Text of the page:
The artwork and animation in this are well done. There are a lot of nice details and it does do a really superb job of helping build and maintain that atmosphere. The film reel image for Satoru’s time travel is an effective one. About the only thing I would say in criticism of it is that the character designs are pretty standard. They look fine but they also look like the characters you’d see in a lot of other works. Exempting only the pronounced lips on certain characters.

Sound:

This series does have a strong cast. For me, the performances that stood out were Mistushima Shinnosuke & Tsuchiya Tao (as older and younger Satoru), Yuuki Aoi as Hinazuki and Takayama Minami as Sachiko. There really weren’t any weak performances, but those four were the best. The music, on the other hand… it’s all right. Kajiura Yuki has certainly done a lot better but there’s nothing really wrong with it.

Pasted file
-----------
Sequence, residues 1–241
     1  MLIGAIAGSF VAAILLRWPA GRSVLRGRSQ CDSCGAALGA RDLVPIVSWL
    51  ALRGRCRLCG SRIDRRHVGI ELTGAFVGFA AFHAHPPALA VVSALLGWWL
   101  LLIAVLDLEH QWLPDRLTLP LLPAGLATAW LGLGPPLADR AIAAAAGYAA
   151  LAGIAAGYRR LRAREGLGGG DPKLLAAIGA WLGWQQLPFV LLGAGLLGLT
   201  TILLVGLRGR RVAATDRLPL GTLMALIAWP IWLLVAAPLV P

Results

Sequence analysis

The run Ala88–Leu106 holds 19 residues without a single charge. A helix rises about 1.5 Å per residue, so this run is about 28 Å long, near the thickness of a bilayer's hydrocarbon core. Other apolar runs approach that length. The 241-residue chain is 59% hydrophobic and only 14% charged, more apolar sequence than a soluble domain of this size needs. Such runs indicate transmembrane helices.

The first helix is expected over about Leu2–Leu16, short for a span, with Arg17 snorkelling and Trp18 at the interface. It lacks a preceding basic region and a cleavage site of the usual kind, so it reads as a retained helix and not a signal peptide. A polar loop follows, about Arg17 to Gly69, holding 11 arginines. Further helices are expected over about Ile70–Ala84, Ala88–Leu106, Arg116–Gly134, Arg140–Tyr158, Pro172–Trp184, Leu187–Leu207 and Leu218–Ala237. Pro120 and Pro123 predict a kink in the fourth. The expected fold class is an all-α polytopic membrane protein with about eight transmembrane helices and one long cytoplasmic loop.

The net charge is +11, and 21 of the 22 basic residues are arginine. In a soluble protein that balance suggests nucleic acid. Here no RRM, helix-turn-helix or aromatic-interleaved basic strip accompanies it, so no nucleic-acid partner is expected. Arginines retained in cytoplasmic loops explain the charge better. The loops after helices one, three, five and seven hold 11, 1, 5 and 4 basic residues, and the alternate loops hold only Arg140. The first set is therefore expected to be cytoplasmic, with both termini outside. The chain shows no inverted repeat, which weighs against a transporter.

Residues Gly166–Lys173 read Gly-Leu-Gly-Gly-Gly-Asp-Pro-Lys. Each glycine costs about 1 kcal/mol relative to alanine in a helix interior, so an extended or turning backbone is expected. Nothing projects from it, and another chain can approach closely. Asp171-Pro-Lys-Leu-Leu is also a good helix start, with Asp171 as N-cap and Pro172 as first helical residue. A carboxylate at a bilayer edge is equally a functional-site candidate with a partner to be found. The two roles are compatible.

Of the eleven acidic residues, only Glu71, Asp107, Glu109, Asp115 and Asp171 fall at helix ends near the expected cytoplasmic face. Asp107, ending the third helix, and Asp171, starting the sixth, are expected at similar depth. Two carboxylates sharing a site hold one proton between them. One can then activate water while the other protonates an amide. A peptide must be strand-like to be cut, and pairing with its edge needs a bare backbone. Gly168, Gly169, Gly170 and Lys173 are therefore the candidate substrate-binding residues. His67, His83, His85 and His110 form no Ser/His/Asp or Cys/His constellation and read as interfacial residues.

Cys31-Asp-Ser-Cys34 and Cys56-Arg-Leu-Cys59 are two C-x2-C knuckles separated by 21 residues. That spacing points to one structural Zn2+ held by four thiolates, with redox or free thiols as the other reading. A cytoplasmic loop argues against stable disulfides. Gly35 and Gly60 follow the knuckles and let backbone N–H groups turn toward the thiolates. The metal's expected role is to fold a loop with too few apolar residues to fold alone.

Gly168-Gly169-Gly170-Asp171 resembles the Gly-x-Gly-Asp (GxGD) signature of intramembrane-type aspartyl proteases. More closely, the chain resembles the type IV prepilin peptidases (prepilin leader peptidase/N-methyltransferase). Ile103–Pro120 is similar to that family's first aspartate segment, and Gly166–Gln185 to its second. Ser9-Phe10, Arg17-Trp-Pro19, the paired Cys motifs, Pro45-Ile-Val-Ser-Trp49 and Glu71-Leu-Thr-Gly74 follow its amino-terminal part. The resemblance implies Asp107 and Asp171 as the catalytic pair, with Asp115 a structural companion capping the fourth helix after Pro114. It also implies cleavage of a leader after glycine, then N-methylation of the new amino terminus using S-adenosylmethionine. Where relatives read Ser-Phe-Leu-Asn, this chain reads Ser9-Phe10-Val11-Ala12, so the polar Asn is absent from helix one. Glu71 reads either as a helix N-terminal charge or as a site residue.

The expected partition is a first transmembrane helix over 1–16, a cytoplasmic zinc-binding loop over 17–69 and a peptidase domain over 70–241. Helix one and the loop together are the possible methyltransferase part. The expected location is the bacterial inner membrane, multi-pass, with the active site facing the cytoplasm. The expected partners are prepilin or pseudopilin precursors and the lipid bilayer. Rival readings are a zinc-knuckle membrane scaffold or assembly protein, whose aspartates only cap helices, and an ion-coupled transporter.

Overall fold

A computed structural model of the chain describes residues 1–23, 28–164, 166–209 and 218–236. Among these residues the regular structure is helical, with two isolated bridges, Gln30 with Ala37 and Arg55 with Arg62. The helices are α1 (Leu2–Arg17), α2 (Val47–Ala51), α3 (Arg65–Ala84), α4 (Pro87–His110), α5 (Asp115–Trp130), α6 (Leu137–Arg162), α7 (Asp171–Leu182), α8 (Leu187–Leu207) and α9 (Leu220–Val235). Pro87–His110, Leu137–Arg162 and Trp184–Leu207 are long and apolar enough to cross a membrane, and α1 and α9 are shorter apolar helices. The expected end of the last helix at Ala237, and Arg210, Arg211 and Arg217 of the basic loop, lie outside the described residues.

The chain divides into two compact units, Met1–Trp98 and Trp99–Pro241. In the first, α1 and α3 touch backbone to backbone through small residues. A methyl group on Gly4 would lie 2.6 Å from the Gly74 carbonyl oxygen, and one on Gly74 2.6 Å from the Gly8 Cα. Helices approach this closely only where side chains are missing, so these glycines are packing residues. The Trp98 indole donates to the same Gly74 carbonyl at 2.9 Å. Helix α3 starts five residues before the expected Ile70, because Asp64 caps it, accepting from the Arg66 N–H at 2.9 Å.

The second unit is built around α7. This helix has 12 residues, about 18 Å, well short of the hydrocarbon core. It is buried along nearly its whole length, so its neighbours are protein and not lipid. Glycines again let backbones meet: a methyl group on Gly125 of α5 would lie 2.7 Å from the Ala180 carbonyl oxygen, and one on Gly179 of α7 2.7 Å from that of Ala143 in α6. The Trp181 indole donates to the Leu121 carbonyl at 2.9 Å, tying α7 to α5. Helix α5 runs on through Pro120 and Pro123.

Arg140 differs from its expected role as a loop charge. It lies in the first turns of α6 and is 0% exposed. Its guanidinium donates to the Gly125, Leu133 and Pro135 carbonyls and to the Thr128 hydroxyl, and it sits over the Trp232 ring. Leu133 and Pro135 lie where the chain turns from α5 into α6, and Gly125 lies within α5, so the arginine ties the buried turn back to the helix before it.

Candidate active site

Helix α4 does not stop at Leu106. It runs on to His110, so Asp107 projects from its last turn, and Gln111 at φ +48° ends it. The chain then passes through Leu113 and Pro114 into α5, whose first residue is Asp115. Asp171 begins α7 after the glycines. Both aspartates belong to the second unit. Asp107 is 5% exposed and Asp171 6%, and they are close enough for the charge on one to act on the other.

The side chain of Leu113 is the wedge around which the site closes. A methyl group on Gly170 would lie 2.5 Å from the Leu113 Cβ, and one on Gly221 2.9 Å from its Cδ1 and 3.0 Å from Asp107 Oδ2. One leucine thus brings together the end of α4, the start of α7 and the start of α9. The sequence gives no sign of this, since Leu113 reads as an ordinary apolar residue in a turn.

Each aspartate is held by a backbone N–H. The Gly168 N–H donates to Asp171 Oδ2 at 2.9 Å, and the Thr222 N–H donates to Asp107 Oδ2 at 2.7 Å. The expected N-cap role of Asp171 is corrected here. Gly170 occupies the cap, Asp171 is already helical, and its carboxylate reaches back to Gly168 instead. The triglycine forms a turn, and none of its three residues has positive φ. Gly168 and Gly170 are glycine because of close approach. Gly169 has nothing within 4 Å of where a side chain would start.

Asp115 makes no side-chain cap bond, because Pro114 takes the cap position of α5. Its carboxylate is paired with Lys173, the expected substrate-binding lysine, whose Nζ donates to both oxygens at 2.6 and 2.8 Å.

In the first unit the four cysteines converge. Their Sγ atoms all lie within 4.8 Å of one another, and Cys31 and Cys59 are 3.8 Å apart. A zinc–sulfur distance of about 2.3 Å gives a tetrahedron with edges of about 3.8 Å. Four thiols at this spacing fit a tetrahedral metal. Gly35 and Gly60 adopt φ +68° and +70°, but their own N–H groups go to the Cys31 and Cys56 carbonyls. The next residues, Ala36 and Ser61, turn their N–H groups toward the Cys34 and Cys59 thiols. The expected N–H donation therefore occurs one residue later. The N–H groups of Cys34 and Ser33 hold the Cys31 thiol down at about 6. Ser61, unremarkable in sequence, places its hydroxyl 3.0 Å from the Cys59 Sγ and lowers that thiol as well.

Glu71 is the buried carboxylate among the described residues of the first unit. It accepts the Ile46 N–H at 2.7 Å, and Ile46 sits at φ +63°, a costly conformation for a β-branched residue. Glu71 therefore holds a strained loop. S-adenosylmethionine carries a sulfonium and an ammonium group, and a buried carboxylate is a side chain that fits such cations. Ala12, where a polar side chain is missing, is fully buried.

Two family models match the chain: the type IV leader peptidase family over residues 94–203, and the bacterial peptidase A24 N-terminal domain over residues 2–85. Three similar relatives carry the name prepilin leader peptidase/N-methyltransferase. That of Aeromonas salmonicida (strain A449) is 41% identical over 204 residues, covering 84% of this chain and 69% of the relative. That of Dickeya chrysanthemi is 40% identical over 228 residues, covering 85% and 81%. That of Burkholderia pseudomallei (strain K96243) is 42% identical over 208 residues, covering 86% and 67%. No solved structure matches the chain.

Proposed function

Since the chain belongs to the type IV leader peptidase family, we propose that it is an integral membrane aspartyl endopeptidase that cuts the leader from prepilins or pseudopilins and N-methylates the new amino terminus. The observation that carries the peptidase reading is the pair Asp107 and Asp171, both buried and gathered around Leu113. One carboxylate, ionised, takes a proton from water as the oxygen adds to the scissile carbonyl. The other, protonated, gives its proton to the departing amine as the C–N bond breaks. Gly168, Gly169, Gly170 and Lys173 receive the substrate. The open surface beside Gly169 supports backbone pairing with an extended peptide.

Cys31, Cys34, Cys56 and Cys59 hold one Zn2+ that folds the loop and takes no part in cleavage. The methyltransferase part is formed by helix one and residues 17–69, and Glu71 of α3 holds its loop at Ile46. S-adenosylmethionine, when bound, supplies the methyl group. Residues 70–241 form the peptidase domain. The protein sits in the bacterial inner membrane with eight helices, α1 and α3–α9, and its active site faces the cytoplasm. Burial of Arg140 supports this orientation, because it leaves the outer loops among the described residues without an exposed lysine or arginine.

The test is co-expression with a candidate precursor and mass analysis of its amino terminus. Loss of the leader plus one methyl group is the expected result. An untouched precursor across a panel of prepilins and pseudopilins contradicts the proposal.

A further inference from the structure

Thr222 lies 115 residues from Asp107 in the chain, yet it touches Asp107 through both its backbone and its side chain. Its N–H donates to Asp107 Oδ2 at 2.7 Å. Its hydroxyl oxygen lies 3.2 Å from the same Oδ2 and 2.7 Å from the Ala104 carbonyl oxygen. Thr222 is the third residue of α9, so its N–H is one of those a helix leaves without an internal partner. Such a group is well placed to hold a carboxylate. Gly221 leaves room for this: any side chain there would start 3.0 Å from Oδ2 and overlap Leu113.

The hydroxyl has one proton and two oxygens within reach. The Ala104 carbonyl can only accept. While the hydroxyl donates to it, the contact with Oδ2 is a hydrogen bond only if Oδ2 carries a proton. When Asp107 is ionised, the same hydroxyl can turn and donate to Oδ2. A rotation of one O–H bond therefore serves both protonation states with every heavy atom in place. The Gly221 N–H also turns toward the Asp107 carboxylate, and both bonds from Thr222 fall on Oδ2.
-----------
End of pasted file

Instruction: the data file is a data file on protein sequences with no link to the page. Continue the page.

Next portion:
Ho-yay:

This series really doesn’t have any. It doesn’t do much in terms of romance, really.

Final Thoughts:

Boku Dake ga Inai Machi is a good series. The weakest aspect is the narrative itself which, though flawed, is still decent. Aside from that, the characters are great. The artwork is good. The acting is great and the music is decent enough. If the premise seems interesting to you, even knowing that the mystery is weak, try it. If the mystery being weak is going to ruin it for you or the premise doesn’t seem interesting, give it a pass. For me, it’s a solid 7/10. Next week I’ll be looking at another request with Shouwa Genroku Rakugo Shinjuu. We’ll see how that goes.